Thursday, January 28, 2016

PuSh 2016: Le Temps scellé

Nacera Belaza's Le Temps scellé, on at the Dance Centre through this Friday in a co-presentation with the PuSh Festival, is a subtle and hypnotic work that expands one's felt experience of time and space. Over the course of its 45 minutes, I was transported into a state of blissful and contemplative suspension, a floating of the mind and body above the dailiness and frenetic pace of clock and calendar time and into that strangely timeless present of performance.

The piece begins in semi-darkness. From this gloaming we catch glimpses of a figure slowly moving in space, the holographic outline of limbs and hips as much a denial as a confirmation of some embodied presence. As the intoxicating sound score (which layers gospel and rhythm and blues and chanting) starts to increase in volume, so does the light brighten and expand to fill more of the stage. Likewise Belaza's movements begin to take on more volume and energy, eddying out from her core in rhythmically undulating waves to fill the space around her. Grounding her practice in traditional Sufi movement philosophy, Belaza slows down and even deconstructs the turns of dervish dancing; but she doesn't abandon the centred axis of the body upon which those turns are based, nor the emptied out state of inner meditative awareness to which they are in service. However, just as we begin to give ourselves over to Belaza's lucubratory extension of this bodily embrace, she dials things down again, softening both the sound and lights.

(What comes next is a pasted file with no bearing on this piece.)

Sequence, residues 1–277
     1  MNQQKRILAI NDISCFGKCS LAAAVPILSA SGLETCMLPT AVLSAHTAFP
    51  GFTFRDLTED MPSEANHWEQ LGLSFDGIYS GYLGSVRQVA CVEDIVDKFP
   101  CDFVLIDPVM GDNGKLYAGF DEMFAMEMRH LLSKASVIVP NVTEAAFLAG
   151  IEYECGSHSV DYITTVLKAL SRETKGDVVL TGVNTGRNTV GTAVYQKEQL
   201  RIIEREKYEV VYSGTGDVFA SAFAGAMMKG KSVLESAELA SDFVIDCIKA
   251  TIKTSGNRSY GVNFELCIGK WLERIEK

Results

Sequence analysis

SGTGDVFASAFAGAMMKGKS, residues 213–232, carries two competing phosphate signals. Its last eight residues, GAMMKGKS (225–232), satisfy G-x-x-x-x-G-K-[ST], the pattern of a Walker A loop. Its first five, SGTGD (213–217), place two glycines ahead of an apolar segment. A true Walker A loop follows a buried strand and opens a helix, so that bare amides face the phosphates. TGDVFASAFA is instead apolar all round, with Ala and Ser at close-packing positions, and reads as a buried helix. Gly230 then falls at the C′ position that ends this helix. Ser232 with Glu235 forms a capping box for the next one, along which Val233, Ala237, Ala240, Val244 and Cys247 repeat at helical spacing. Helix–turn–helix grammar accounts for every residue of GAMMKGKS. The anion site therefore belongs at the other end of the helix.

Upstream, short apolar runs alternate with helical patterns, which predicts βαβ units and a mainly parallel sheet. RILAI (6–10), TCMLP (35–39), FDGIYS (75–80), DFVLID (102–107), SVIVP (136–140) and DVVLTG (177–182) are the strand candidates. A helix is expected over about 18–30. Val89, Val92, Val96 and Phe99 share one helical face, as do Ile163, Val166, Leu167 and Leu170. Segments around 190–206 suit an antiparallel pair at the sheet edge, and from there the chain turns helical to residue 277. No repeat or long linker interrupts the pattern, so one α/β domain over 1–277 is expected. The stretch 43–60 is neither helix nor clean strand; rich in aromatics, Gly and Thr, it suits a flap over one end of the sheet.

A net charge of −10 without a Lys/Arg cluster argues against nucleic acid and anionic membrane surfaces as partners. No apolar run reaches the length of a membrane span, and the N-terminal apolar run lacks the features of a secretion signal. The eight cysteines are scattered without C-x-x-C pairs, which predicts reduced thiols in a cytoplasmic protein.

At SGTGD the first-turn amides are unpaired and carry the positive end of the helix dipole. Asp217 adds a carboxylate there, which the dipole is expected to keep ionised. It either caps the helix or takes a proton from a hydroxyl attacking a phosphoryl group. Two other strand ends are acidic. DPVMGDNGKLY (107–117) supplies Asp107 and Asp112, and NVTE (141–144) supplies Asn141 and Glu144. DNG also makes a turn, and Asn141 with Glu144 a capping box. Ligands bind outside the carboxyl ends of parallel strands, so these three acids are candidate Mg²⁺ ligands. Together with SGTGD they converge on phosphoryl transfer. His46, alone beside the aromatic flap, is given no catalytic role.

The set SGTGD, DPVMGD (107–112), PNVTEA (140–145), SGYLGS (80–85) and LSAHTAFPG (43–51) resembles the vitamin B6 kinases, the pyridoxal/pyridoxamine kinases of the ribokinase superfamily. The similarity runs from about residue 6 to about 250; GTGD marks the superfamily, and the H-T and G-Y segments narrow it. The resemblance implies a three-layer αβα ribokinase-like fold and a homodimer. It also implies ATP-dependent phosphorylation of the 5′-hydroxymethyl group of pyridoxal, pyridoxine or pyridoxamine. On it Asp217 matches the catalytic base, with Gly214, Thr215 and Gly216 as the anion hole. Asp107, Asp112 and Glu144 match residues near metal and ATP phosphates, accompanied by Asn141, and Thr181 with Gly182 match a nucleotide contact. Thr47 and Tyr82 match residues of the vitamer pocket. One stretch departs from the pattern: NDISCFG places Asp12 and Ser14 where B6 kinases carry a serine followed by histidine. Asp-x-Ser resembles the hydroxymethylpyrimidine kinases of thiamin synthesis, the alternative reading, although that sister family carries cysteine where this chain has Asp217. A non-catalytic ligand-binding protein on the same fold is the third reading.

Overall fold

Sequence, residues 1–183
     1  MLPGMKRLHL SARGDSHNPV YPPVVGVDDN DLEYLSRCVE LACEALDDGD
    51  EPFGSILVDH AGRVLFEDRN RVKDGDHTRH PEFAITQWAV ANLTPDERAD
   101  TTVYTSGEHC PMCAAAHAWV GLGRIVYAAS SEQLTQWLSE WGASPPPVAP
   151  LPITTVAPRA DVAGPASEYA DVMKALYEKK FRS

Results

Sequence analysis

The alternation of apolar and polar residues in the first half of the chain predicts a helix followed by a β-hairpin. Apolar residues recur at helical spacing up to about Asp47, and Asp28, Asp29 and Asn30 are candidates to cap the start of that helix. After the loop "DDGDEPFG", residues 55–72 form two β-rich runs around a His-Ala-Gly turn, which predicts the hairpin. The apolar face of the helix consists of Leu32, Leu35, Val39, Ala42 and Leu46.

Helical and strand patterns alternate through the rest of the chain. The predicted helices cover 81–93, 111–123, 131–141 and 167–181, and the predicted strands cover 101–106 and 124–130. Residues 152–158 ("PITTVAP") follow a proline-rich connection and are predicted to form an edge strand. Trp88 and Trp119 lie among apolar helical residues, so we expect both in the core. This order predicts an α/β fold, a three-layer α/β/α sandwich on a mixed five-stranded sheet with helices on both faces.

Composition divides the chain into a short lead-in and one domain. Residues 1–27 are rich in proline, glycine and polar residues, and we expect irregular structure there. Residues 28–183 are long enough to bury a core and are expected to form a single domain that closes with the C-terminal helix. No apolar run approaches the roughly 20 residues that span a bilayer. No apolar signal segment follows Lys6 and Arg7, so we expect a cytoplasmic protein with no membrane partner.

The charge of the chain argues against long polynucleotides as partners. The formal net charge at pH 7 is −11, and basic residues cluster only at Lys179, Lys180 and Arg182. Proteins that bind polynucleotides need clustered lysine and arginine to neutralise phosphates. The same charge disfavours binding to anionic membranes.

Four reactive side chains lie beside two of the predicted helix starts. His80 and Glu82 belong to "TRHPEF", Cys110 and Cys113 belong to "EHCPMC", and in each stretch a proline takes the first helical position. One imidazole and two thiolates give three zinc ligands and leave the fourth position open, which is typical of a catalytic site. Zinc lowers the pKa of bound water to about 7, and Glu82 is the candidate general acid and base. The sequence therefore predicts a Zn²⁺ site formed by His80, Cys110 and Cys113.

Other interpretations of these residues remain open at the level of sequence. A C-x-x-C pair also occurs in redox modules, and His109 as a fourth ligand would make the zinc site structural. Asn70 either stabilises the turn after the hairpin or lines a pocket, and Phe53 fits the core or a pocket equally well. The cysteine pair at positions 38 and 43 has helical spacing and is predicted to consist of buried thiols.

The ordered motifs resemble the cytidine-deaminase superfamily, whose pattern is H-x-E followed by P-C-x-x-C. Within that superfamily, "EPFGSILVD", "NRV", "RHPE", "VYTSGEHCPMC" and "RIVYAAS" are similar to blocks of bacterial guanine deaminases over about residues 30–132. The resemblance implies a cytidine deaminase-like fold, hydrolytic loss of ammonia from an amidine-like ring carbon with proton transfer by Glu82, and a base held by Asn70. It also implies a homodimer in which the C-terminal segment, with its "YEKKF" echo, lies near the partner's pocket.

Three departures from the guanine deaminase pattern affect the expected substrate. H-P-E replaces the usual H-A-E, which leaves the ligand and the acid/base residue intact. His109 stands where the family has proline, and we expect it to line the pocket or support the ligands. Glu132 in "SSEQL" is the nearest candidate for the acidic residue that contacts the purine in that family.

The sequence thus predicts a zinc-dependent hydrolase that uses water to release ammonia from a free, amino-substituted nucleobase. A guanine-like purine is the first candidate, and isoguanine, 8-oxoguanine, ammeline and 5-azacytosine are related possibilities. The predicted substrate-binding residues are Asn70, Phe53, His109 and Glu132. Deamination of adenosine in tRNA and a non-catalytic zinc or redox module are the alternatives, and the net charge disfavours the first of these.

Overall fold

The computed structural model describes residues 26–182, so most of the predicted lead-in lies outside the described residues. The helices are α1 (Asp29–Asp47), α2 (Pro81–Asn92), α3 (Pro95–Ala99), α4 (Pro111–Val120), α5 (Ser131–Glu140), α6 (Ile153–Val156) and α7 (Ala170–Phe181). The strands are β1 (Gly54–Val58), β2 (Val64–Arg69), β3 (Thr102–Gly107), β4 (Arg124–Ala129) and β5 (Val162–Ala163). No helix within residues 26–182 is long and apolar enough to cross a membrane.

It's at this point, when one might logically think the performance is over, that something magical happens. Belaza's sister Dalila slowly enters from upstage left, a lazily advancing spectral presence who, we soon discover, will take over Nacera's solo. Again, we are wont to doubt what we have just seen, but in the piece's third and final movement these two apparitions dance a duet together, their bodies now fully perceptually graspable--and as much because of how, up until this point, we have been made to register kinetically their absence as much as their presence.


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